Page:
Tim Dee introduces Into the Wind, a new film in which he stars, and which is to be aired on BBC Four tomorrow evening. Photos by Richard Alwyn.
I spent a couple of days filming last November on the southern shore of the Wash. I was the subject – or rather, I was to be subjected to the subject. The film records my attempt to capture and record the purest of winds – the wind arriving out of the north before it had hit and sounded off anything or been breathed by anyone. Richard Alwyn made the film. It is on BBC Four on Wednesday 12th April at 7.30pm.
I’ve been a radio producer for a quarter of a century and a birdwatcher for almost twice as long. The wind is busy everywhere but it is keen on being heavily involved with radio – especially sound recording, for good and bad – and birds – especially helping and hindering their flying. Because of this the wind has played an oddly substantial part in my life. For fifty years it has been more than just a soundbed or a backdrop. I’ve sought it out for decades as a key supplier of migrant and rare birds and I’ve avoided it for almost as long as the destroyer of audible voices and intelligible interviews.
More recently, after decades of gathering thousands of human talkers, I’ve fantasised about assembling a library of winds to listen to in my retirement when the talkative world I have spent my career with finally shuts up and I might be left alone to eavesdrop on my reels and cassettes and discs and files of winds, various. For this wildtrack, as we dismissively call it, this atmos, is surely the great song of the earth. Richard’s film indulges me and off I go with my microphone and my dreamy idea out across the flat lands where the sea meets the shore (though neither is certain of either) along the Lincolnshire coast of the Wash. The angles are wide, the colours dour, the sky always there, the soundtrack monotonous, and all birdlife is tiny: this is not natural history TV as we know it.
I learned a lot. Watching myself on screen shouldering a Rycote Windjammer covered microphone – they look like a fluffy dog, a faceless Dougal – I wonder if my thinning grey hair has been gathered over my recent ageing years, like wool on a barbed wire fence, and used to weave a wind baffle. My head and the windjammer don’t differ by much. In another scene my tongue appears and hovers like an indecisive chameleon as I concentrate on plugging in my equipment. I knew my son had that habit and my uncle but not me. My nose runs and eyes water pretty much throughout. The wind operates.
It isn’t pretty. But it wasn’t meant to be. Pure wind might just be a figment of my imagination. And the Wash, though much of its edging is man-made and most of its air is rifled by air force bombers, remains an unsurrendered place. Harsh and flat. But truthful to itself too: a place where nature does its own writing, where the weather channels itself, where the wind makes its own all-day everyday outside broadcast. That was what we were after.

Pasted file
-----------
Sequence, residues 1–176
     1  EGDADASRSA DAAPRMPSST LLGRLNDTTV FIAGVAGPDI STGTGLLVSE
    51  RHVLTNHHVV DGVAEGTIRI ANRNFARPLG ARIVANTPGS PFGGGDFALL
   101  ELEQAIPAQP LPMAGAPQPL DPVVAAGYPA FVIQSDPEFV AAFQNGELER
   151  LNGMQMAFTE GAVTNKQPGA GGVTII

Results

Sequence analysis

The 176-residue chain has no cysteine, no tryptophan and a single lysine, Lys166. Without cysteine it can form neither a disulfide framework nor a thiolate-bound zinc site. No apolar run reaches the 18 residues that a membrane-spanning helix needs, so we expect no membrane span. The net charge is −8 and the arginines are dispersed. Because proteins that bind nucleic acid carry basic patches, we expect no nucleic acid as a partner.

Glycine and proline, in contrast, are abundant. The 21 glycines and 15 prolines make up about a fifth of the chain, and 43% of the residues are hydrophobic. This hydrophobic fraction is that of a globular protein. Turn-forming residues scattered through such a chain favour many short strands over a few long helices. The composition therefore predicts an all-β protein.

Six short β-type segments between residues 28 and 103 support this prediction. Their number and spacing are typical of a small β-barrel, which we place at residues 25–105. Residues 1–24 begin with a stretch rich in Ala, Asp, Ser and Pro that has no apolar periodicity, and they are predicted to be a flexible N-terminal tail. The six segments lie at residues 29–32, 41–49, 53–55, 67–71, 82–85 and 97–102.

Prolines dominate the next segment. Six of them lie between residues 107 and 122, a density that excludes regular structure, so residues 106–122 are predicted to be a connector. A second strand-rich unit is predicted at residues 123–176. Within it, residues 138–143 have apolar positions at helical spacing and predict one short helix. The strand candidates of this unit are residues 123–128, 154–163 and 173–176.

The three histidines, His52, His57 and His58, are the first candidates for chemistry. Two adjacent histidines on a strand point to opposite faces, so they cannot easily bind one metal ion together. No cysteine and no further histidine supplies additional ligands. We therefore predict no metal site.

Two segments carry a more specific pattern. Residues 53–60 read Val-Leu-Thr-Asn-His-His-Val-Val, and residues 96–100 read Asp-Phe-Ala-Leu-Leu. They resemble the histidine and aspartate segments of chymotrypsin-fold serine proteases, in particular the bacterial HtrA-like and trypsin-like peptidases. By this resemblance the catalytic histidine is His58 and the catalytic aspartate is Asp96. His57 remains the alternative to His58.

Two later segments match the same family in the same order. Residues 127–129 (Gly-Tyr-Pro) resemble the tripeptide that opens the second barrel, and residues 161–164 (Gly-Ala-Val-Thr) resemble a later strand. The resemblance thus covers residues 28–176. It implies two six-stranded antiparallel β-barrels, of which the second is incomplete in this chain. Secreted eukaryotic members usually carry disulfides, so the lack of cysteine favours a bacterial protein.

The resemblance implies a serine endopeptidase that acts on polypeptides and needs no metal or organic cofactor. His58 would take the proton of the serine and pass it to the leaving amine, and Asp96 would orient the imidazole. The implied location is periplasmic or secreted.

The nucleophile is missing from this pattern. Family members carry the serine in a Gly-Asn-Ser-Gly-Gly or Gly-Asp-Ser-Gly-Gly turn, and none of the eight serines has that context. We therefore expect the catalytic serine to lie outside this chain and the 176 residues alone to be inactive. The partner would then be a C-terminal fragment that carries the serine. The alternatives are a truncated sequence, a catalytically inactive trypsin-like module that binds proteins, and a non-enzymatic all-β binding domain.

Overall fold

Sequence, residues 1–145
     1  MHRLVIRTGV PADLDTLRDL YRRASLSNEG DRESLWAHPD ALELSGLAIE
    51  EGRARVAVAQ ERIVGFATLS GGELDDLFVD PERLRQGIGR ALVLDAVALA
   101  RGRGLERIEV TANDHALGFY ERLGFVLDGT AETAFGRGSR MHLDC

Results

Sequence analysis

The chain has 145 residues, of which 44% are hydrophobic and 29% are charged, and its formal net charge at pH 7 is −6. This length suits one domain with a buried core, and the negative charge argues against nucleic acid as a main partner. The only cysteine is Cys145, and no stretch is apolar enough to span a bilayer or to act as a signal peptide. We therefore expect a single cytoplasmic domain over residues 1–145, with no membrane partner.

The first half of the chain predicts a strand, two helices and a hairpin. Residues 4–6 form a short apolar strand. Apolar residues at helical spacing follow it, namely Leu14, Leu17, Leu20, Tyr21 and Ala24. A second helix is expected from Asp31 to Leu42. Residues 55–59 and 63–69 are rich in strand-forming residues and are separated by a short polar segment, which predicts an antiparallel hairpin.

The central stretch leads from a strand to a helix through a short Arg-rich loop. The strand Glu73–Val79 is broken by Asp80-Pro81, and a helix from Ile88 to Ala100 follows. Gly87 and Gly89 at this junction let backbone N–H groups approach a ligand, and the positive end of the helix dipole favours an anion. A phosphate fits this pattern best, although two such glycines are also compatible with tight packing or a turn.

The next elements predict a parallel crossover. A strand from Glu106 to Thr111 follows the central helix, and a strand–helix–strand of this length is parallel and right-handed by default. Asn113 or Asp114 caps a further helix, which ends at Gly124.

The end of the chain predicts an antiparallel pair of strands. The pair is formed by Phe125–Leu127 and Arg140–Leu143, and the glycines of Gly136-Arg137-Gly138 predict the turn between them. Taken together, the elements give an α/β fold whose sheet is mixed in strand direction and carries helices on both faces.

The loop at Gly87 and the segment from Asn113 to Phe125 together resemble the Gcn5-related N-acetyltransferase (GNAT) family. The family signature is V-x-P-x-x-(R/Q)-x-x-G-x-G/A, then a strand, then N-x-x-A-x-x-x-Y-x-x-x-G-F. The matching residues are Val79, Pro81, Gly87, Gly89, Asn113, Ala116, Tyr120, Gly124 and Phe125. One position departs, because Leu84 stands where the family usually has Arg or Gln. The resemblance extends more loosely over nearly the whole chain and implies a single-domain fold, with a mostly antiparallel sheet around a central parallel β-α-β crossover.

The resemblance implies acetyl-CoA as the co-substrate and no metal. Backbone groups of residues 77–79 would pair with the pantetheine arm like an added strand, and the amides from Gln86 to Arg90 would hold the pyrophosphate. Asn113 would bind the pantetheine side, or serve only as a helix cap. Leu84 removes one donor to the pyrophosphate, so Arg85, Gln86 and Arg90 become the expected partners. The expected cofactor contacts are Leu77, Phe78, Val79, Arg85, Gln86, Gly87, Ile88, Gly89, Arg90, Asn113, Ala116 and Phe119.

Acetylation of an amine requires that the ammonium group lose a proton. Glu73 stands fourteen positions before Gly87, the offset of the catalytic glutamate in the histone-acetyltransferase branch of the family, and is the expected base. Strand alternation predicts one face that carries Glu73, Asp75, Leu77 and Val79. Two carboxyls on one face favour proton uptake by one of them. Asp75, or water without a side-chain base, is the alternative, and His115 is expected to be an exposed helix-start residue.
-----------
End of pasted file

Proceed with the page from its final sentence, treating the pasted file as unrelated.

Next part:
There is a coda to the film, one I discovered watching it and which only occurred to me then. My newish hearing aid is visible throughout. About two years ago a spell of muffled hearing in my right ear gave way to a deranging bout of tinnitus (a particularly cruel species of head-wind in my experience). This seems to have been slain by the arrival of a hearing aid (all thanks to the NHS) that has restored much of what had gone. Was the tinnitus derived from my ear panning for sounds that it had stopped detecting, the infuriating steam-hiss acting as a space holding device, a wind sent from within whilst awaiting the wind from without? I am better now, although electrified, and can still hear goldcrests calling, though I lag 200 metres behind my wife when it comes to grasshopper warblers. But on the Wash listening for the big talker, the pure wind, my device, the genius plastic nautilus filling my ear, boomed and howled around like an unshielded microphone. Our ears (and the auditory nerves and brain behind), I realised, our good ears, are miraculous listeners, able to be open to the air, but not so exposed to it as machines continue to be. And this made me realise that seeking a pure wind, the wind as it might sound in its own ear rather than the sound it makes when running over the sea, or through a wood, or across a field, can only truly be done with our own hearing which itself is a sounding of the wind, an account of its slalom through the listening canals and corridors of our own ears, an account that can only give us a heard wind, its song and not its singer.
Into the Wind with Tim Dee, a film by Richard Alwyn, is on BBC Four on 12th April at 7.30pm. Tim has written at greater length about the programme for The Guardian – you can read the piece here.
Tim Dee is the author of The Running Sky and Four Fields. His next book will be about gulls on rubbish dumps, the one after that about the spring.